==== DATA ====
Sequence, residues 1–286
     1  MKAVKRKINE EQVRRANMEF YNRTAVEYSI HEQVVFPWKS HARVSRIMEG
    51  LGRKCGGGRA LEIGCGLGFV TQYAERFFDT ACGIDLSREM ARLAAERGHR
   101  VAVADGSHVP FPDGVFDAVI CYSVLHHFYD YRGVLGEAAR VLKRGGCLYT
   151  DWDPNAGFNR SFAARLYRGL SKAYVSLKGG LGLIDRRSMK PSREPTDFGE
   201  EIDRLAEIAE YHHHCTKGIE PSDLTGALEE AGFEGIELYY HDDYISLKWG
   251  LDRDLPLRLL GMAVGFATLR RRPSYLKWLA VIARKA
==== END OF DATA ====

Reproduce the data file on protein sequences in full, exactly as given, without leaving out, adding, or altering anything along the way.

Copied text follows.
Sequence, residues 1–286
     1  MKAVKRKINE EQVRRANMEF YNRTAVEYSI HEQVVFPWKS HARVSRIMEG
    51  LGRKCGGGRA LEIGCGLGFV TQYAERFFDT ACGIDLSREM ARLAAERGHR
   101  VAVADGSHVP FPDGVFDAVI CYSVLHHFYD YRGVLGEAAR VLKRGGCLYT
   151  DWDPNAGFNR SFAARLYRGL SKAYVSLKGG LGLIDRRSMK PSREPTDFGE
   201  EIDRLAEIAE YHHHCTKGIE PSDLTGALEE AGFEGIELYY HDDYISLKWG
   251  LDRDLPLRLL GMAVGFATLR RRPSYLKWLA VIARKA